Global Trading Week Begins with Asian Shares Surging and Oil Prices Jumping
Asian shares continued their upward trajectory, following the rally in global equities that seems unfazed by concerns about economic growth and rising interest rates.
Last Friday, the US market saw gains driven by big tech, options positioning, and expectations of the Federal Reserve keeping rates unchanged this month, with a likely increase in July.
The recent mixed jobs report influenced bets on the Fed, as it showed signs of labor-market slackening in May despite an increase in hiring. This strengthened the argument of Fed Chair Jerome Powell and other officials that more time should be taken to assess incoming data and the evolving outlook before raising rates again.
The dollar showed slight strength, reflecting rising US yields. Meanwhile, the euro, pound, and Australian dollar moved lower, while the yen weakened beyond 140 against the greenback.
Oil prices experienced a significant jump of over $1 a barrel on Monday. The surge was triggered by Saudi Arabia, the world's top exporter, announcing plans to cut production by an additional 1 million barrels per day from July. This move countered macroeconomic headwinds that have been pressuring the market.
Brent crude futures reached $77.64 a barrel, up $1.51 or 2%, and even touched a session-high of $78.73 a barrel earlier. US West Texas Intermediate crude climbed $1.41 or 2% to $73.15 a barrel, reaching an intraday high of $75.06 a barrel.
The increase in oil prices builds upon the 2% gains from Friday. Saudi Arabia's energy ministry confirmed that its output would decrease to 9 million barrels per day in July, down from around 10 million barrels per day in May. This reduction represents the kingdom's largest cut in years.
The voluntary production cut by Saudi Arabia comes in addition to the existing agreement within OPEC+ (OPEC and allied countries, including Russia) to limit supply until 2024 in an effort to boost oil prices. OPEC+ currently accounts for around 40% of global crude production and has implemented cuts of 3.66 million barrels per day, equivalent to 3.6% of global demand.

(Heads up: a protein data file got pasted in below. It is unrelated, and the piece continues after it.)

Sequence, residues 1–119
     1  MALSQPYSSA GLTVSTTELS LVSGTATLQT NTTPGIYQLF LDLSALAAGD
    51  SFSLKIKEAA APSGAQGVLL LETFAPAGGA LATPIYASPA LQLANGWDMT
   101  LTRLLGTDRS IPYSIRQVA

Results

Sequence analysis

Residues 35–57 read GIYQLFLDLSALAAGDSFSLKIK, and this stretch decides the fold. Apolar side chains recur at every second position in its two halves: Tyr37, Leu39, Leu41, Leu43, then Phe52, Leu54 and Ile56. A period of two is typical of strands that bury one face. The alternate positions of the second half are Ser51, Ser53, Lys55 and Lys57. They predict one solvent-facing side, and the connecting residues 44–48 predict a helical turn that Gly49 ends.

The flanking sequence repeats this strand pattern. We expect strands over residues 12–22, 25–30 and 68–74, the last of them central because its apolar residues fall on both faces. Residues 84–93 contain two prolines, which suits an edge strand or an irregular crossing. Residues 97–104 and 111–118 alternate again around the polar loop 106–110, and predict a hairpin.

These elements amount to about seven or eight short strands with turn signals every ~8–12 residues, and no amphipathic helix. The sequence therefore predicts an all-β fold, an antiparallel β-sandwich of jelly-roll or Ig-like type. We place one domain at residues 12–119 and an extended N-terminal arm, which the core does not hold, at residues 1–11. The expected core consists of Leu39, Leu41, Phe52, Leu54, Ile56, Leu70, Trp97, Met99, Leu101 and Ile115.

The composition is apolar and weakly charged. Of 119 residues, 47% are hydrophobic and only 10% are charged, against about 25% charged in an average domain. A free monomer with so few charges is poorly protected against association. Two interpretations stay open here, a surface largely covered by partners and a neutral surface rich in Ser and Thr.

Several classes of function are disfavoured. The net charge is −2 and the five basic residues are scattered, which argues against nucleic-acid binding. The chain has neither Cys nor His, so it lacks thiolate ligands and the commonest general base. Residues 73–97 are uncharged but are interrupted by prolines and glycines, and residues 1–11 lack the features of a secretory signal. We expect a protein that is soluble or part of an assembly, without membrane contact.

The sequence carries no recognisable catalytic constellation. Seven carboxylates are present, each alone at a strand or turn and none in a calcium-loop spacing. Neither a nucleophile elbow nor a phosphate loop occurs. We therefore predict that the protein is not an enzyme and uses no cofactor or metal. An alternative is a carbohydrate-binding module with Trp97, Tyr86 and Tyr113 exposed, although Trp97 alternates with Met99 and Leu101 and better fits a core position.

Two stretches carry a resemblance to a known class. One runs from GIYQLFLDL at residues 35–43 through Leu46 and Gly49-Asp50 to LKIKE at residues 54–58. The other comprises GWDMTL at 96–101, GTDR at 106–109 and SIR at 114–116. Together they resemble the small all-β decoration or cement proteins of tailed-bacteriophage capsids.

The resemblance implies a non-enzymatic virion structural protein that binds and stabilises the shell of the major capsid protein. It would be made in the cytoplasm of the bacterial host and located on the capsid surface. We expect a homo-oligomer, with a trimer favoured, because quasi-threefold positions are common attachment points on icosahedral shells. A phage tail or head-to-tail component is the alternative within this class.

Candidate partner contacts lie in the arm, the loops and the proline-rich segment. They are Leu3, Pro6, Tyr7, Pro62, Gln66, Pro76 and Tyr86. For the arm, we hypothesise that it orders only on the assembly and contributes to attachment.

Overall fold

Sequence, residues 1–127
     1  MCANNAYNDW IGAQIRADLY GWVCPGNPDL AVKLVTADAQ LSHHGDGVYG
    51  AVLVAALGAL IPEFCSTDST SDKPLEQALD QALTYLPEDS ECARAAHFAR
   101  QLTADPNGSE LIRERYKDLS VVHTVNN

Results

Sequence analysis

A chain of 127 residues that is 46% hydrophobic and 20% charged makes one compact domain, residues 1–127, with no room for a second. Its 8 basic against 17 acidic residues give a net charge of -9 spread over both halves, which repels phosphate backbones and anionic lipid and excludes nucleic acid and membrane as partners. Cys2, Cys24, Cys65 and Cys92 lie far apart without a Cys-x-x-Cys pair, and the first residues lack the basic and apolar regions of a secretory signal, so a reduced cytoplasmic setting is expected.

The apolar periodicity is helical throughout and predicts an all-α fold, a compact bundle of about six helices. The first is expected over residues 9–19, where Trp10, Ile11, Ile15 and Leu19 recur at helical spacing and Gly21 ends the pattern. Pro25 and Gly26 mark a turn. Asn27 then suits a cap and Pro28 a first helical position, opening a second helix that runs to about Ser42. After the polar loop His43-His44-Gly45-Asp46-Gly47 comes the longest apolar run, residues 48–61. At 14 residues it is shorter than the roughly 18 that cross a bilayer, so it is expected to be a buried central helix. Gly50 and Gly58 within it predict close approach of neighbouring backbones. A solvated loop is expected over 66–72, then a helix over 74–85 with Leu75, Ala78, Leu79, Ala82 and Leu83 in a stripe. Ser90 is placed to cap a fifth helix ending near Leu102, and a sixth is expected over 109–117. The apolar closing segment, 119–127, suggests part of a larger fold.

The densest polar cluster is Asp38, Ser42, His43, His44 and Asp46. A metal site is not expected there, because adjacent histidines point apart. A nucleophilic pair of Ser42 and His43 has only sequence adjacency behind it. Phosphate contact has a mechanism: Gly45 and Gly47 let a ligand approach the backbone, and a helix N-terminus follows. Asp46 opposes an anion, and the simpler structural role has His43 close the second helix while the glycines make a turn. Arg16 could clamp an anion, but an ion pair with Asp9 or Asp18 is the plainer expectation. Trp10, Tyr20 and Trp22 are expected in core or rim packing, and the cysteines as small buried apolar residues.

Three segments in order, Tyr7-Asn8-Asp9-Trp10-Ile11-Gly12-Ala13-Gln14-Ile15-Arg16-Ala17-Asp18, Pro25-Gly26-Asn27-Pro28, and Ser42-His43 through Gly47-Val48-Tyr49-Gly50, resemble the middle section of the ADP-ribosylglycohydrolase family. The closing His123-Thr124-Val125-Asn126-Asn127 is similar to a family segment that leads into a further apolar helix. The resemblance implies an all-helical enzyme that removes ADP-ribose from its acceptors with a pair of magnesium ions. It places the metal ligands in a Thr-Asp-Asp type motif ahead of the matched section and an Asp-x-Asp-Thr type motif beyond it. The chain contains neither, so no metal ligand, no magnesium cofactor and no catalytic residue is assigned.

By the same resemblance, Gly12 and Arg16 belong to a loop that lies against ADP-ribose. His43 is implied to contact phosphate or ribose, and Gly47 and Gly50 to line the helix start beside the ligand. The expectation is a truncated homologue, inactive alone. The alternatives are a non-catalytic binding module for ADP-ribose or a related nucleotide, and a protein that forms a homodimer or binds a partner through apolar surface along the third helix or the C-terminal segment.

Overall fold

The surprise announcement by Saudi Arabia, considering the recent adjustment to quotas, is expected to tighten the oil market even further in the second half of the year, according to ANZ analysts. Consultancy Rystad Energy predicts that the additional cut by Saudi Arabia could deepen the market deficit to over 3 million barrels per day in July, which may lead to higher prices in the coming weeks.
Goldman Sachs analysts described the OPEC+ meeting as "moderately bullish" for oil markets, suggesting that December 2023 Brent prices could increase by $1-$6 per barrel, depending on the duration of Saudi Arabia's output at 9 million barrels per day over the next six months.
Saudi Arabia's Minister of Energy, Prince Abdulaziz bin Salman, emphasized his commitment to stabilizing the market, stating that he would do whatever is necessary. However, some experts believe that the voluntary cut aims to provide downside protection rather than to drive a sustained rally, given concerns about macroeconomic weakness.
Although the announced reductions by Saudi Arabia and other countries seem significant, some of them will have limited real impact as the targets for Russia, Nigeria, and Angola have been adjusted to align with their actual production levels.
Key events to watch this week include the Eurozone S&P Global Eurozone Services PMI and PPI on Monday, US factory orders and ISM services data on Monday, and ECB President Christine Lagarde's appearance in the European Parliament on Monday.
This week, the central banks of Australia and Canada are scheduled to have their meetings. It's an important event for the markets, as they perceive a significant possibility, approximately 40%, that the Reserve Bank of Australia (RBA) might catch everyone off guard by implementing a quarter-point increase on Tuesday. This speculation arises partly due to concerns among some economists about the impact of a minimum wages decision, which they fear could add to inflationary pressures.
On the other hand, the Bank of Canada (BOC) will hold its meeting on Wednesday. A majority of economists who were surveyed by Reuters anticipate that the BOC will maintain the current interest rates at 4.5% throughout the year. However, there remains a notable risk of another rate hike in the near future, even though it may not be the consensus opinion among economists.